Oregon inches closer to reducing exclusionary zoning

June 19, 2019 | Mike Kingsella
Reading time: 5 min

Earlier this year, Oregon made housing headlines when House Speaker Tina Kotek introduced legislation that would end single-family-only zoning in the Portland metro area and in Oregon’s larger cities. HB 2001 was – and continues to be – viewed as a significant step towards addressing Oregon’s severe shortage of homes. According to our own research, this deficit was 155,000 units from 2000 – 2015 alone; a problem that has increased as Portland and the surrounding area continue to grow at a rapid pace.

As Sightline’s Michael Andersen said when the bill was first introduced, “most Oregonians should find a lot to cheer for” in Speaker Kotek’s legislation. We could not agree more.

What does HB 2001 do? For cities over 10,000 people and in Portland’s urban growth boundaries or over 25,000 in other parts of the state, it would legalize up to fourplexes, which includes cottage clusters and town homes. For cities between 10,000 and 25,000 outside of Portland, HB 2001 would legalize duplexes in areas currently zoned exclusively for single-family.

While such a step may not seem like a major development in isolation, the reality is single-family-only zoning dominates the housing landscape in Oregon. In addition to sordid origins that relegated people of color to the “least desirable” neighborhoods, including in Portland, this type of exclusionary zoning prevents the construction of the type of housing – “missing middle” housing – increasingly desired by many Americans, in particular a younger generation. But in many neighborhoods, it is literally illegal to build anything other than a detached, single-family home. HB 2001 does not make it illegal to build these homes; rather it simply states these are not the only type of development option on a given lot.

Speaker Kotek’s push comes as exclusionary zoning is being met with increased skepticism across the country. Just this week, the New York Times ran a feature entitled “Cities Start to Question an American Ideal: A House with a Yard on Every Lot.” And former HUD Secretary Julian Castro became at least the third Democrat running for President to propose zoning reform as a part of his solution to housing. Though their ultimate approach may differ, Castro shares a similar view on exclusionary zoning as the current occupant of his former office, Secretary Ben Carson. Recently, Rep. Lacy Clay (D-MO), who chairs the Subcommittee on Housing, Community Development and Insurance on the Financial Services Committee, endorsed tying some federal dollars to zoning reforms at the local level. Editorial Boards at the New York Times and the Boston Globe recently endorsed zoning reform.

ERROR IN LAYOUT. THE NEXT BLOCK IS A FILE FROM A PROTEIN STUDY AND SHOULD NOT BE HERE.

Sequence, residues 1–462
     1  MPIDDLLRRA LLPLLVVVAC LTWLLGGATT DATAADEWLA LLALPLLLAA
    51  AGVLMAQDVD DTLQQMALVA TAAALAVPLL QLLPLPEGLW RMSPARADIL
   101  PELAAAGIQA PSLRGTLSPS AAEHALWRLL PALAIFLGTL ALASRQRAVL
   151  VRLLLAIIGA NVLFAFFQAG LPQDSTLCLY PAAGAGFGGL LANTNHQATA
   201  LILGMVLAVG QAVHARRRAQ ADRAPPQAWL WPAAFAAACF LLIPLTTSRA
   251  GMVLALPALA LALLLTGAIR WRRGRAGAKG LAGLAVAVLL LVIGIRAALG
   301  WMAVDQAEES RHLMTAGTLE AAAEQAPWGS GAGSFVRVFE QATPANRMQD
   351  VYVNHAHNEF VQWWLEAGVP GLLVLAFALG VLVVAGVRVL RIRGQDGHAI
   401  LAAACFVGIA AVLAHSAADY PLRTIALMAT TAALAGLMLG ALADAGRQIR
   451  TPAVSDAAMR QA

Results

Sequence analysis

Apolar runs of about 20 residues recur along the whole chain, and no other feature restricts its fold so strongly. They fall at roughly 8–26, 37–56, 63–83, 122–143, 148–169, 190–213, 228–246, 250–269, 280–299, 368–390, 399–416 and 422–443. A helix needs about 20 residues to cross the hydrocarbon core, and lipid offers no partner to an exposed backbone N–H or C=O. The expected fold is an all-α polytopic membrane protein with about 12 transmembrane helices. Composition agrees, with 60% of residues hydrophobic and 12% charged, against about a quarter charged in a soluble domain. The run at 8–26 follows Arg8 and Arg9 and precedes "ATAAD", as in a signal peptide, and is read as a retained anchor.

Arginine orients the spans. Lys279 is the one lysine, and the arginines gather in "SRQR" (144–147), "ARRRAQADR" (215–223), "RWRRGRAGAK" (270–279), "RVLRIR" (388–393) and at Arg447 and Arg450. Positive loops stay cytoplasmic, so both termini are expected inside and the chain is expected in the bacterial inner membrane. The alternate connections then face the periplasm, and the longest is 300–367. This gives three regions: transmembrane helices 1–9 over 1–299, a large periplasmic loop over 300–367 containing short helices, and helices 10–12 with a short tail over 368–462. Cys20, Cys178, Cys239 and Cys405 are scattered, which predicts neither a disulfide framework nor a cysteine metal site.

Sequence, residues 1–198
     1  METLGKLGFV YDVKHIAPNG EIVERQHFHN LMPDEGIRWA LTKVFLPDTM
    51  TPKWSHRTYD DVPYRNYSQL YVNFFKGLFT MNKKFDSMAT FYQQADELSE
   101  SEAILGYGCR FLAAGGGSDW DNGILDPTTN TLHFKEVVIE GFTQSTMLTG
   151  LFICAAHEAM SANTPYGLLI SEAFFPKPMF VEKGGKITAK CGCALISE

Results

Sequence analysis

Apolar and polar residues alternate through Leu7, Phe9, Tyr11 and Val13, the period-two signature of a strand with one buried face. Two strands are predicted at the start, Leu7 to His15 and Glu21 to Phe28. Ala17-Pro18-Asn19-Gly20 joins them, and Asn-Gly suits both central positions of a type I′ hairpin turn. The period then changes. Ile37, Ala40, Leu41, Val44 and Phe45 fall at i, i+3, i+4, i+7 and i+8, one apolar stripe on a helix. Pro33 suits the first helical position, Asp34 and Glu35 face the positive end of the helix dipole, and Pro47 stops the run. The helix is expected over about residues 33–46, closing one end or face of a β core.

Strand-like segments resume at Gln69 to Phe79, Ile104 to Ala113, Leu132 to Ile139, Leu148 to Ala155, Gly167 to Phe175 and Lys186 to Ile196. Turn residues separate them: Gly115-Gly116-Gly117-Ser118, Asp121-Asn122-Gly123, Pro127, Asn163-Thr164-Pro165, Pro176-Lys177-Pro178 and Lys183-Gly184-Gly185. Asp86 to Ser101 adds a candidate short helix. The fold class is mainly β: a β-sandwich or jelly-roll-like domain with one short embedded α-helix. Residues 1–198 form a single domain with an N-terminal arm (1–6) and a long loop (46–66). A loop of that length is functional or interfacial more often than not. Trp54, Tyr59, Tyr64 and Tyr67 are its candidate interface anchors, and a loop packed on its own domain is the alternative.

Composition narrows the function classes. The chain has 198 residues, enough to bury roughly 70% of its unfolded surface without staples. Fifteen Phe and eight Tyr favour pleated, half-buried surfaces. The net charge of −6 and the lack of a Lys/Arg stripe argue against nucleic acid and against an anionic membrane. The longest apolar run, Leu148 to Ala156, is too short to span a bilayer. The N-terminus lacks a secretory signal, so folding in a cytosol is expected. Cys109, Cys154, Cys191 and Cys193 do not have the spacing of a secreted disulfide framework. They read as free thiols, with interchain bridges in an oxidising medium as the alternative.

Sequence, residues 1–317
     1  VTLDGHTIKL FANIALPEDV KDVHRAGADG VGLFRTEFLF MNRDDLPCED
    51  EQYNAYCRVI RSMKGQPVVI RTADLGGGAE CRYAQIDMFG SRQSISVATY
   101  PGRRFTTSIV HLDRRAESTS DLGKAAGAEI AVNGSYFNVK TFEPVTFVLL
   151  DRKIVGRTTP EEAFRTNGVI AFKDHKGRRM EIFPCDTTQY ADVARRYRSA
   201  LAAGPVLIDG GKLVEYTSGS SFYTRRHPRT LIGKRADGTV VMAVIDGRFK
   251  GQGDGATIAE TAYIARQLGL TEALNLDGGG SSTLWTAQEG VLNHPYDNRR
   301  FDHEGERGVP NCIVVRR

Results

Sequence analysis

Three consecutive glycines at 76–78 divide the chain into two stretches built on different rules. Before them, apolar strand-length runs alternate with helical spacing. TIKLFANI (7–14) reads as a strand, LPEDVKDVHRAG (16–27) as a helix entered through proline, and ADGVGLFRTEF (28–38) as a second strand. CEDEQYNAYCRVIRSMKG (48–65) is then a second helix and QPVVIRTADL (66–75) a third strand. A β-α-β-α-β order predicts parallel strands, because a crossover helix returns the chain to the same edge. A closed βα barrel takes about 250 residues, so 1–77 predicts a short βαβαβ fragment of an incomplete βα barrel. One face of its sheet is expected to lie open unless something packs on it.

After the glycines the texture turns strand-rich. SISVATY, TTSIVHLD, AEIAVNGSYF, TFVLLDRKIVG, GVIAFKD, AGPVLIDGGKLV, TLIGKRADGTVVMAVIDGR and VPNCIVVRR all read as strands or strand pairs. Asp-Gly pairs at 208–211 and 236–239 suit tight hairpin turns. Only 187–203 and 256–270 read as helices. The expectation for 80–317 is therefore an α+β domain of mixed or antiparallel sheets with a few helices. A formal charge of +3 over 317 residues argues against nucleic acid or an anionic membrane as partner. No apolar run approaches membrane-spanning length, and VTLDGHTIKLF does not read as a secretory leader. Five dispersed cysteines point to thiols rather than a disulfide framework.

Will Oregon be the first state to make a serious dent in eliminating exclusionary zoning at a statewide level? Signs are positive. The legislation has already passed unanimously out of a key subcommittee in the House, and last night, the legislation passed by a significant margin out of Oregon’s Joint Ways & Means committee. It now must pass both the House and the Senate floors before the end of the legislative session at the end of this month. The urgency is real, and the cautionary tales are myriad.

California appeared poised to pass SB 50 – enabling denser development near transit stations in California’s large cities – before powerful suburban legislators scuttled the legislation at the 11th hour. Oregon can be the first state in the nation to advance this type of bold pro-housing solution into law at a statewide level.

Speaker Kotek and members of the legislature championing HB 2001 deserve credit for their visionary leadership to address the root cause of the housing crisis – the fact that restrictive exclusionary zoning prevents the needed housing from being built. Up for Growth Action is proud to support HB 2001 and looks forward to working with the Speaker and other members of the legislature to ensure Oregon is a pro-housing state.